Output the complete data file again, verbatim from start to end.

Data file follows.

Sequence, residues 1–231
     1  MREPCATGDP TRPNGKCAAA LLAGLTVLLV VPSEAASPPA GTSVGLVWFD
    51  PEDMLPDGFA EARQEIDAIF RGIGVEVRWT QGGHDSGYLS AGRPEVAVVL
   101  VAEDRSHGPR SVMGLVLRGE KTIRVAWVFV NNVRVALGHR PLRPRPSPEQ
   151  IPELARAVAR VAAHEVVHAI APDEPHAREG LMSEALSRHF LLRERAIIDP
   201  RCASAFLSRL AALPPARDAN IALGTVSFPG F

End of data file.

Sequence, residues 1–231
     1  MREPCATGDP TRPNGKCAAA LLAGLTVLLV VPSEAASPPA GTSVGLVWFD
    51  PEDMLPDGFA EARQEIDAIF RGIGVEVRWT QGGHDSGYLS AGRPEVAVVL
   101  VAEDRSHGPR SVMGLVLRGE KTIRVAWVFV NNVRVALGHR PLRPRPSPEQ
   151  IPELARAVAR VAAHEVVHAI APDEPHAREG LMSEALSRHF LLRERAIIDP
   201  RCASAFLSRL AALPPARDAN IALGTVSFPG F